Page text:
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January 1, 2005

The New Indian Raj: Spurs Growth, But Asia's Embrace Of Capitalism Challenges West

By Kathryn M. Welling

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  • The New Indian Raj: Spurs Growth, But Asia's Embrace Of Capitalism Challenges West

Jon Thorn doesn't claim perfect market timing. Indeed, consternation is evident in his voice as he recalls how a decade ago, after years of painstaking research, he and his former partner launched their baby, then called the India Smaller Companies Fund Ltd. It began just a matter of days after India's BSE30 index scaled a peak it didn't come close to approaching again for 10 years. A peak that still looms for dollar-based investors (like Jon's fund) in India's equities market.

Nonetheless, Jon and the fund, which were restructured, rechristened and re-launched as the India Capital Fund in 2001, have managed to survive and thrive. In large part, through Jon's adherence to old-fashioned investment principles and ignoring benchmarks. But it has also helped, Jon notes, that the fee structure he adopted for the fund isn't the annual "2 and 20." Instead, he uses a more modest plan that aligns his interests with his investors. The upshot: Jon, who watched many a rival fund manager implode during India's long bear, is now the longest-serving portfolio manager of an India-only fund. He can also boast of his fund's long-term 8.4 percent CAGR. That trounces the BSE30 over the last decade by 900 basis points - a stretch in which some competitors lagged the index by as much as 700 basis points. However, his goal is absolute, not relative, returns. India Capital Management, the fund's management company, is Jon's company. He is the managing principal, the sole portfolio manager - and the only trader - of India Capital Fund. Meaningful as the fund's 123 percent gain since inception is to Jon, he is also aware of how much patience on his part - and on his investors'- was required as the fund navigated India's turbulent market between 1994 and its big double-digit return last year. The fund, whose assets - for years on end before 2003 - bumped along below $20 million, doubled last year. It shot up to $140 million recently. But Jon is determined not to let success change his ways. He's adamant, for example, about resisting unbridled asset growth. Hence, he is contemplating closing India Capital to new investors. He won't even consider taking money from leveraged funds of funds.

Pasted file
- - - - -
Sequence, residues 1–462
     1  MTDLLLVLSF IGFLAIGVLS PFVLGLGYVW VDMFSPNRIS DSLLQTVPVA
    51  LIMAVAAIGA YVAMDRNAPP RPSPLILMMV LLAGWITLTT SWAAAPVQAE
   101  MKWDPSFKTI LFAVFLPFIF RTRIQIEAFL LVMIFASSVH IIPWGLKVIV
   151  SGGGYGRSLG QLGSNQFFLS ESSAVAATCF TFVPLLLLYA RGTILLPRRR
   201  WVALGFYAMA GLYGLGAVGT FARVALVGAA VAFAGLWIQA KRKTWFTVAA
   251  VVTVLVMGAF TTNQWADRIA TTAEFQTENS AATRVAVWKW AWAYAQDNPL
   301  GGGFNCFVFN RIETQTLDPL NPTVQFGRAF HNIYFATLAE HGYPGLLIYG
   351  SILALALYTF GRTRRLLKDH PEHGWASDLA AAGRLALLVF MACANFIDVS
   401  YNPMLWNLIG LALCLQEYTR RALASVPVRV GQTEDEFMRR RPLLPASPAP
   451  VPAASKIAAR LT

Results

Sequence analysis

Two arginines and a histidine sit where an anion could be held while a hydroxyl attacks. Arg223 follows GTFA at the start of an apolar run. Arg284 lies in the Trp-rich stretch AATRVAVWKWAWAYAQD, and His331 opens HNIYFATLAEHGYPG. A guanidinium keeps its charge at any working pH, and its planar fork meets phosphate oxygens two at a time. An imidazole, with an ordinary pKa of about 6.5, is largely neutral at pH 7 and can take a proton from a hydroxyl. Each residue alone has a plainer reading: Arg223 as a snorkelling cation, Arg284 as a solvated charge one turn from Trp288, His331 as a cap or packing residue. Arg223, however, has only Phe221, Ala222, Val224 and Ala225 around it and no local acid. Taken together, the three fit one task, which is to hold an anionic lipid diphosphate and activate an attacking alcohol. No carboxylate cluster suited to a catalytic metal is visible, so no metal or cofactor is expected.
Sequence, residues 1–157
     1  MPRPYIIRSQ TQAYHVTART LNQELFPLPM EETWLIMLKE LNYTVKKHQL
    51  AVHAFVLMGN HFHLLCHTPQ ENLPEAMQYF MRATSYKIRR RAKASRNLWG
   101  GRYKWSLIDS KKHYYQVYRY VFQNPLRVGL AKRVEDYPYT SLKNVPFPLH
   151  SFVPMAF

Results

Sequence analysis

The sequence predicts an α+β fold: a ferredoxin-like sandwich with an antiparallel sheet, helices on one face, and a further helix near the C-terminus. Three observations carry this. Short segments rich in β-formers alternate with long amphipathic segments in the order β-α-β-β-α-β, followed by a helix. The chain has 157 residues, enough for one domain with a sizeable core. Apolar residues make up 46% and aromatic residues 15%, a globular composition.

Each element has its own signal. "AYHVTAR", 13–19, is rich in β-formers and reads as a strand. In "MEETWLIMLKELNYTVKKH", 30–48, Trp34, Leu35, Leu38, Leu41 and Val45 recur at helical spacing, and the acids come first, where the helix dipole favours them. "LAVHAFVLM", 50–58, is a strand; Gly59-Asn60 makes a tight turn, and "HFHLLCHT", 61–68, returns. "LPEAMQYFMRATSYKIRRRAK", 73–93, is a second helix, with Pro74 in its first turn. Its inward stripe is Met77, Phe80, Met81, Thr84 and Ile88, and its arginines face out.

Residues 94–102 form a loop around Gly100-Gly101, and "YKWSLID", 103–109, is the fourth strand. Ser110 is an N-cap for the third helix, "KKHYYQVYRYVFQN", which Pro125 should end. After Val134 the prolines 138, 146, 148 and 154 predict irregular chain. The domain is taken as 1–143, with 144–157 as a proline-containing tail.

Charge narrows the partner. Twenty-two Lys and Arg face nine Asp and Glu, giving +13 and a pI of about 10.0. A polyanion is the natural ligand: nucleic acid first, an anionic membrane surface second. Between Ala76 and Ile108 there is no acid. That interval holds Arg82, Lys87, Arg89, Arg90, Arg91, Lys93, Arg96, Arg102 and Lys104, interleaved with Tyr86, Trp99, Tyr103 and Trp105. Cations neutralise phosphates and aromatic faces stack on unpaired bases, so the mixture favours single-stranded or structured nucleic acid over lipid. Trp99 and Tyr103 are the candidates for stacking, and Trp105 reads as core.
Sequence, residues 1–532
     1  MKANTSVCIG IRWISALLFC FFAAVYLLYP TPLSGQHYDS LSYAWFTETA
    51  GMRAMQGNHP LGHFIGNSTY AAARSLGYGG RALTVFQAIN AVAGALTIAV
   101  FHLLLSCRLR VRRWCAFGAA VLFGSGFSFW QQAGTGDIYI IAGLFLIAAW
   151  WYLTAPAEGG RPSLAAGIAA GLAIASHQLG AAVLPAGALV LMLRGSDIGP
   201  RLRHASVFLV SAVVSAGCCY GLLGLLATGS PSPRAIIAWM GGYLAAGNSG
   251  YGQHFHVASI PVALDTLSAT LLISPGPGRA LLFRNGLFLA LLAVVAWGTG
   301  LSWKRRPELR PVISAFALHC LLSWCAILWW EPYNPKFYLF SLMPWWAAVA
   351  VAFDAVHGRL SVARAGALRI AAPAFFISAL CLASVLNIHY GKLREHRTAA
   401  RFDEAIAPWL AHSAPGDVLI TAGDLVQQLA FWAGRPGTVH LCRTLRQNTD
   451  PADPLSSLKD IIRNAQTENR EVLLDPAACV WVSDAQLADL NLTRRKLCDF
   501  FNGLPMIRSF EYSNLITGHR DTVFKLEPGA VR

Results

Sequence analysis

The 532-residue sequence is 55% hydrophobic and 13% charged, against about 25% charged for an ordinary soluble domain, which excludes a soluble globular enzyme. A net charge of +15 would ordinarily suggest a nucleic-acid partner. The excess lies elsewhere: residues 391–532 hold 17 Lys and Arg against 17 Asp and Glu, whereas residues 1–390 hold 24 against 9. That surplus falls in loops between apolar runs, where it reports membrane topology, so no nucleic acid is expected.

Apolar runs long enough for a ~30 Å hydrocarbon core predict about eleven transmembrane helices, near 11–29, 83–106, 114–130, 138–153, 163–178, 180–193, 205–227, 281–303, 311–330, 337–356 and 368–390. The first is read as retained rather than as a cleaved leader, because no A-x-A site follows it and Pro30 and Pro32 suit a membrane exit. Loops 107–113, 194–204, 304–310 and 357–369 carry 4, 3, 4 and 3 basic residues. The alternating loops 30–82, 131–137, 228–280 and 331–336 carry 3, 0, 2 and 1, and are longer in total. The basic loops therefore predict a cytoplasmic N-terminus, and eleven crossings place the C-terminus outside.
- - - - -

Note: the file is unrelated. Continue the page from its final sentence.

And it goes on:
Jon has managed to learn quite a few very useful things about the investment business. This despite a checkered early career that includes a Ph.D. at the London School of Economics as well as stints on a Drexel desk and as a trade journalist in Asia.

I met Jon not long after he started India Capital, and was delighted to talk to him in New York a couple of weeks back. -KMW

You're obviously a hard man to discourage, Jon-